Finally they yelled “Play Ball!” at the new Miami Marlins stadium! The stadium opened this week with a game between rival high school teams. This high tech is the first LEED-certified pro sports stadium with a retractable roof. This LEED certification has not been cheap adding about $8 million to the final bill. Existing LEED-certified stadiums include Nationals Ballpark in D.C., Target Field in Minneapolis and Consol Center in Pittsburgh. The Marlins are a member of the Green Sports Alliance a group of sustainability-minded teams, leagues, venues and universities and it is among the more than 140 stadiums that have applied for LEED certifications.
From the beginning, the Marlins ballpark’s objective has been to obtain LEED Silver Certification. This allowed the designers to start thinking about ecological impact early in the process. In order to meet LEED’s “five fundamentals” of green building: sustainable site development; water savings, energy efficiency; material selection and indoor environmental quality. Majority of building materials were harvested and manufactured within 500 miles of the job site to reduce transportation emissions and support the local economy. Pieces of old concrete from the demolished Orange Bowl were repurposed to create the support beams. More than 90 percent of the construction waste was recycled; including asphalt, cardboard, concrete, metal, steel, paper, plastic and wood. More than 20% of the total material incorporated into the ballpark was pre-consumer and post-consumer recycled content.
The installation of 249 waterless urinals should provide an estimated savings of approximately 6 million gallons of water per year at the stadium. In the concessions area, hoods will use ultraviolet light to help prevent buildup of grease from all those hot dogs and nachos, which in turn should reduce by 52 percent the amount of water that would otherwise be used to clean the hoods. Other eco-friendly features of this new stadium include aggressive waste management recycling program and the use of low VOC (Volatile Organic Compounds) paints, adhesives, carpets and flooring for air quality control.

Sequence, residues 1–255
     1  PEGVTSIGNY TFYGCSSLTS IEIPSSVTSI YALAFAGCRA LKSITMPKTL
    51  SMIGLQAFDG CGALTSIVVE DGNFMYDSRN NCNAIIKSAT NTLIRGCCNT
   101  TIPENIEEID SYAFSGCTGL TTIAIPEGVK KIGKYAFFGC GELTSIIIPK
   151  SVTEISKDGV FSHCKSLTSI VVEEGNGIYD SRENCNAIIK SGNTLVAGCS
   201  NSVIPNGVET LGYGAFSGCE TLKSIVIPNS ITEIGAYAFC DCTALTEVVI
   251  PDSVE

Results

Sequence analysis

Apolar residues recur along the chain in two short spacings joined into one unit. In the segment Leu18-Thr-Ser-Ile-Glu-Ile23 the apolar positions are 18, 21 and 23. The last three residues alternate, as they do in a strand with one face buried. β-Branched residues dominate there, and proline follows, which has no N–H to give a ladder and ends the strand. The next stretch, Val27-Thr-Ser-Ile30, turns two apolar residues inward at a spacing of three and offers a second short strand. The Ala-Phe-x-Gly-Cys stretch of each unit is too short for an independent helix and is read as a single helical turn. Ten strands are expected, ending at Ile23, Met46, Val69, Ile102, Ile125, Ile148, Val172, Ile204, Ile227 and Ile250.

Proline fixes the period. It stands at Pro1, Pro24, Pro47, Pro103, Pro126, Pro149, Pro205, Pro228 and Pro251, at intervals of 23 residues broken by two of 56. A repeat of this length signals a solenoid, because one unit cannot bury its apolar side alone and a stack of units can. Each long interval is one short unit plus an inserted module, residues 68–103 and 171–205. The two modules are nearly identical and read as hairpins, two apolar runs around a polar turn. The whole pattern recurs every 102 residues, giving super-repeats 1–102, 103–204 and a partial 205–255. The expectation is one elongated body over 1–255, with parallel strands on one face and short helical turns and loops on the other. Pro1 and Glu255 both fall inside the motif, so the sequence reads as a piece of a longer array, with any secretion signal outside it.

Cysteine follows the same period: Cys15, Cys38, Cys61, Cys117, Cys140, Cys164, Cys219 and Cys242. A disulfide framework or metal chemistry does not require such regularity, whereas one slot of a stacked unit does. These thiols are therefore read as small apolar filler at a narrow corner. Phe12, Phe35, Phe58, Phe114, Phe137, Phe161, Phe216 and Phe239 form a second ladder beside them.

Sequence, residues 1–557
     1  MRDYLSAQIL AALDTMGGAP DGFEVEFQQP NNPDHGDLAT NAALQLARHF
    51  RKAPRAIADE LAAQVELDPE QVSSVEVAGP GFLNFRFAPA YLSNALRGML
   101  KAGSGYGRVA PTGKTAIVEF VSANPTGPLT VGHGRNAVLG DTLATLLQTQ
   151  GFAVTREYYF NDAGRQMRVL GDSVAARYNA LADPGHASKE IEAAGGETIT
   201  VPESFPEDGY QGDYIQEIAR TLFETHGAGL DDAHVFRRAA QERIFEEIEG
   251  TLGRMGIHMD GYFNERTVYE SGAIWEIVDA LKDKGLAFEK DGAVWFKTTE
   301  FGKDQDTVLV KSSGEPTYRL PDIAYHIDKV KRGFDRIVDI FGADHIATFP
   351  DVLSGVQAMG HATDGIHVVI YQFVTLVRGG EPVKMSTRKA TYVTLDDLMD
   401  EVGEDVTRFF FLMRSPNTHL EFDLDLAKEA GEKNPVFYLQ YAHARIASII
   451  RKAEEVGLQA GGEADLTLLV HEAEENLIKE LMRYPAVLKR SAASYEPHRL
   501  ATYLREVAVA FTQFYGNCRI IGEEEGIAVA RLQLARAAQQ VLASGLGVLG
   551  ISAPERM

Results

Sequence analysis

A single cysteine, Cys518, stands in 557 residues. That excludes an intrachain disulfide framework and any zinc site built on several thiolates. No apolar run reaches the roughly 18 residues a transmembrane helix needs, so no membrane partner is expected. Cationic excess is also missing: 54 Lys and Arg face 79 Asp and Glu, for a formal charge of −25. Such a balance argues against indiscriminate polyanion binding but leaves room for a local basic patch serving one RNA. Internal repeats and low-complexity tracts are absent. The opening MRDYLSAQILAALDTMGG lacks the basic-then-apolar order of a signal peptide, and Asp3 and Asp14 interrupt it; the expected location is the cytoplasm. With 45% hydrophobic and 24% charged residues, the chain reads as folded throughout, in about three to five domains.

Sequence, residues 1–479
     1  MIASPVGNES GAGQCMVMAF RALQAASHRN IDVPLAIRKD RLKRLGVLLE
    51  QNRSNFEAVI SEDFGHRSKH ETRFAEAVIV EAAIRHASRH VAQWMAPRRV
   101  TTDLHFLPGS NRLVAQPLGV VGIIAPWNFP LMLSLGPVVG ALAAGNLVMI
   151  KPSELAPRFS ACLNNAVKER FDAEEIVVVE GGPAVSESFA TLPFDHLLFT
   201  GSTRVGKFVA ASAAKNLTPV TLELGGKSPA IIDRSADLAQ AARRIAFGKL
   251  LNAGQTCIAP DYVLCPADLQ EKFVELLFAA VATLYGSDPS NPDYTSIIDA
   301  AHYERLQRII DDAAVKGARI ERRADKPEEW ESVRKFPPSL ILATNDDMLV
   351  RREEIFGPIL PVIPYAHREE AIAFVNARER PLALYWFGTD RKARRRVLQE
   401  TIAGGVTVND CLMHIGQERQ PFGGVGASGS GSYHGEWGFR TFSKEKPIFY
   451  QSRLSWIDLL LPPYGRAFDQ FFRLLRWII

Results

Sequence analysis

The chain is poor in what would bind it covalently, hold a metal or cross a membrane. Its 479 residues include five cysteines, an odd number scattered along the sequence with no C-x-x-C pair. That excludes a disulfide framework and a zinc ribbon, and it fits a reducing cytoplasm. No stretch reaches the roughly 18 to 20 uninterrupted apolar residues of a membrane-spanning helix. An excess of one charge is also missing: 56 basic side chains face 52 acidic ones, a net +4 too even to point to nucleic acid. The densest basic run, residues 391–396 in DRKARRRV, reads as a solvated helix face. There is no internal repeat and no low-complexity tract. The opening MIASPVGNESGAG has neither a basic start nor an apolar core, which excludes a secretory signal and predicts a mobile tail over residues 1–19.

Due to the way air pressure inside the stadium will change when the roof opens, stadiums have to be strategic about ventilation. The Marlins addressed this by opening a massive glass wall in the outfield whenever the roof is open. This glass wall adds more natural light and air flow. The architecture bonus here will be a stellar view of the Miami skyline, 12 miles distant, through the open wall.
As a leader in building automation, Advanced Control Corporation is delighted to learn about continued efforts by leaders to contribute to Florida green building. For all of your building automation, energy management, lighting control and other needs, contact Advanced Control Corporation today at 954.491.6660.